James Galway: ‘The flute was like a computer game to me – always going to the next stage’
The flautist is in Dublin tonight to collect a lifetime achievement award. It’s a far cry from Carnalea Street, in east Belfast
Man with the golden flute: James Galway’s gala night is at the National Concert Hall. Photograph: Alan Betson
Lifetime-achievement awards? Some recipients are embarrassed by them. Others are sniffy about them. Many are mortified by the shovelfuls of obituary-style praise. Not Sir James Galway.
The 73-year-old flautist, who will be presented with the second National Concert Hall Lifetime Achievement Award tonight, already has a stack of honours to his name, not least an OBE and a knighthood.
But he seems genuinely delighted by this one, which recognises musicians who have contributed significantly to the musical life of Ireland. “It’s very special,” he says. The inaugural award was won last year by Paddy Moloney and The Chieftains, with whom Galway has often collaborated. Tonight’s celebratory gala at the NCH will be like a who’s who of Irish music as Galway is joined onstage by Moloney, the pianist Barry Douglas and the singer Brian Kennedy.
Since he launched his solo career, in 1975, Galway has become Mr Flute on the international circuit. Look up any discussion of the instrument online and you’ll find his name near the top of the list. He has sold 30 million albums, performed with Pink Floyd on the Berlin Wall, played on the Lord of the Rings soundtrack. He has shared a stage with just about everyone, from Herbert von Karajan to Andrea Bocelli.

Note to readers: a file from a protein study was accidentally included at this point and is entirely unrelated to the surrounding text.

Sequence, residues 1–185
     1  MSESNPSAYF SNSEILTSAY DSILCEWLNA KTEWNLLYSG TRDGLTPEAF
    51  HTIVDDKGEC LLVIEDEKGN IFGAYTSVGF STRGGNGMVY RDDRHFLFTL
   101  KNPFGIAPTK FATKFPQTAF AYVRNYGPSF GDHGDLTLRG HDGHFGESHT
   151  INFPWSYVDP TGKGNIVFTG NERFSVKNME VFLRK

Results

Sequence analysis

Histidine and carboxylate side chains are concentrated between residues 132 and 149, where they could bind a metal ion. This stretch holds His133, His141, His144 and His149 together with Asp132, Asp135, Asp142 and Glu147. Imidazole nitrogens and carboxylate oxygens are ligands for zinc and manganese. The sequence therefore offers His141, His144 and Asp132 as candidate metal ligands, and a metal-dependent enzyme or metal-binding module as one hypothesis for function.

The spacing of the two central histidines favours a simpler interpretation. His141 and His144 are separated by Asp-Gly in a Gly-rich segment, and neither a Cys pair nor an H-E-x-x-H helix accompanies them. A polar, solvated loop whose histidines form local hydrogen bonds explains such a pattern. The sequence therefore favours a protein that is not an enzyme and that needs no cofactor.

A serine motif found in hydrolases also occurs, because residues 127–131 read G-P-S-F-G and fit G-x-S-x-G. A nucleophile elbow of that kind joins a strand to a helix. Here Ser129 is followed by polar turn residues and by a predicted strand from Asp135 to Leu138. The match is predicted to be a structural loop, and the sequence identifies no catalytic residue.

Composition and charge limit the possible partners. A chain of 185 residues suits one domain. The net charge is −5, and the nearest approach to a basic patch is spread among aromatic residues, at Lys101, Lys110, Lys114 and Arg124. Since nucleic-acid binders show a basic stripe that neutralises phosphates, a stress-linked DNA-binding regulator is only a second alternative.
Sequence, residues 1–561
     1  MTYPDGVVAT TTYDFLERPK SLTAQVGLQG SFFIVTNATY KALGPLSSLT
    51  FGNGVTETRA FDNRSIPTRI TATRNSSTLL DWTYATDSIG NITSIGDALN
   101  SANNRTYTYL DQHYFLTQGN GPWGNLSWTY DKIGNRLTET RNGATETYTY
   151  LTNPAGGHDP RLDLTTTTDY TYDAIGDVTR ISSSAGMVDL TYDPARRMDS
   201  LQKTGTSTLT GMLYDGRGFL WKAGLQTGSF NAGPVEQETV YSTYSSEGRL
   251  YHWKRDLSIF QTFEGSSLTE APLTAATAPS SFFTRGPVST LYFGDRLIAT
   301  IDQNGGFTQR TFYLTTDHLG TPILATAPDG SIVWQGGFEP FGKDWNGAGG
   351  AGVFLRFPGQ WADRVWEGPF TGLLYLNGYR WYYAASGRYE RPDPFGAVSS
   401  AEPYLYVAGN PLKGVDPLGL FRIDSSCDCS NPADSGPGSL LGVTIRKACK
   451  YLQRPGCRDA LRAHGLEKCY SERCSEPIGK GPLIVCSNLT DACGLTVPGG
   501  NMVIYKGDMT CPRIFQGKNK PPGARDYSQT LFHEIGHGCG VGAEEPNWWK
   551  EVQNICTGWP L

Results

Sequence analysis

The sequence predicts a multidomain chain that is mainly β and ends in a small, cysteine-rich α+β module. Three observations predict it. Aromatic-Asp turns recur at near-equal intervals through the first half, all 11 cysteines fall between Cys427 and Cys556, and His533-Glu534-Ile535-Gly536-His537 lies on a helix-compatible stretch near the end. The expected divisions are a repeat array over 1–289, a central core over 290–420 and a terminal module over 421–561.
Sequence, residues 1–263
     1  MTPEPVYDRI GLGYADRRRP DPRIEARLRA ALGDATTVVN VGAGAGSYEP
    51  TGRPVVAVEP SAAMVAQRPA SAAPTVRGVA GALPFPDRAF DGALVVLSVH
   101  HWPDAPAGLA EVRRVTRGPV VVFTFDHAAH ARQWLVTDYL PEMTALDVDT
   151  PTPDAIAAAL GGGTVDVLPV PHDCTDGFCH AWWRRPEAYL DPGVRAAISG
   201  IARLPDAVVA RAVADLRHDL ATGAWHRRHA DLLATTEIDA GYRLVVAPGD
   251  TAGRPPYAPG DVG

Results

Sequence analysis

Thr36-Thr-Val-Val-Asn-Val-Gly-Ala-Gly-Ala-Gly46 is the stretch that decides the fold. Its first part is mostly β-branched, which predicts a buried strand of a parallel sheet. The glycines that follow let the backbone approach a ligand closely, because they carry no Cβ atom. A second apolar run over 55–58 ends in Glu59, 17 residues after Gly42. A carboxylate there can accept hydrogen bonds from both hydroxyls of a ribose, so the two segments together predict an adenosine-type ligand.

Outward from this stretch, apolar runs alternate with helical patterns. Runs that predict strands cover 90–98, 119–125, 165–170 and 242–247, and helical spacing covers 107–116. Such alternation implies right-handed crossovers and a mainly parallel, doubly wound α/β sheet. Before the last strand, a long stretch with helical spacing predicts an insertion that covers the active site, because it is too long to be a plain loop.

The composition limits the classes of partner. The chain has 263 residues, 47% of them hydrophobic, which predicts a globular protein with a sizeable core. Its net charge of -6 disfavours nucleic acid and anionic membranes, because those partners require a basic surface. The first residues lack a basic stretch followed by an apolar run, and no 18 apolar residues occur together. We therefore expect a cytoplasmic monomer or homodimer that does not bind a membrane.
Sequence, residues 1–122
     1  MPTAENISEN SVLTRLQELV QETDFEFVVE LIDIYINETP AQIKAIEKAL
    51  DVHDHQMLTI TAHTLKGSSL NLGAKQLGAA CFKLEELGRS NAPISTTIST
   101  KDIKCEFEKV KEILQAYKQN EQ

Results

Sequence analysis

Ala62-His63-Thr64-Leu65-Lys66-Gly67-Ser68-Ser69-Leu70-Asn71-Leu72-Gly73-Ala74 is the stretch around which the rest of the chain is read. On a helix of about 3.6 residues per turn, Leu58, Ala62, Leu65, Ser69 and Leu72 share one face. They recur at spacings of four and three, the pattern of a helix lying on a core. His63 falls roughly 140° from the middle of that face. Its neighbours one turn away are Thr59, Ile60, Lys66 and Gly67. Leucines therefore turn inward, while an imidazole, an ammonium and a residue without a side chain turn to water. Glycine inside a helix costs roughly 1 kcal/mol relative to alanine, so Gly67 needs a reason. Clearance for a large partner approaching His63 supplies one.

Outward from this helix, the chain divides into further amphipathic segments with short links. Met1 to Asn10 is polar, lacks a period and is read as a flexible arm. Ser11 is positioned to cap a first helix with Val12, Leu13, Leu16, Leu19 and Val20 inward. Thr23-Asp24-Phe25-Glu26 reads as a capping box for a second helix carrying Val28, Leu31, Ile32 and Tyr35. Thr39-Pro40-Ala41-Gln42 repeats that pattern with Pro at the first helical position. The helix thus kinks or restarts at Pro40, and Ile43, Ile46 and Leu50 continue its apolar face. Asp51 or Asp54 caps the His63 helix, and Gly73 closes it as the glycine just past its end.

And he’s as busy as ever. Between now and Christmas his schedule will include the opening concert of the Belfast Festival at Queen’s with the Ulster Orchestra, a 14-city US tour with the Irish Chamber Orchestra and a gig at Carnegie Hall. Not bad for someone who began his musical life more than half a century ago as a wee boy with a wooden flute? Galway chuckles. “My grandad played the flute,” he says. “He taught my Uncle Joe, who taught me.” The roguish eyes twinkle. “Maybe you didn’t know this, but I started on the violin. A lady on our street, Mrs Shearer, gave me a violin, and I got some lessons from a friend of my dad’s. But the violin sort of fell to bits, because it was home sweet home to millions of Irish woodworms, and they kept chomping away as I played.”
The flute was a better fit, both with the nine-year-old Galway’s eyes – he has nystagmus, a congenital condition which meant that as a child he had to keep his eyes to the side to keep them still – and with local tradition. He grew up in a terrace of houses on Carnalea Street, in Protestant east Belfast. His father was a riveter; money was in short supply. Tough times?
“You see, I didn’t realise this because we were kids and everything for us was just great,” he says. “On the weekend we’d go to a place called Alec’s Bank – which was the local dump. We used to go down there and set fire to old tyres and stuff like that. One of the kids in school, Billy Chambers, gave me a dynamo in exchange for a stamp that he wanted in his collection.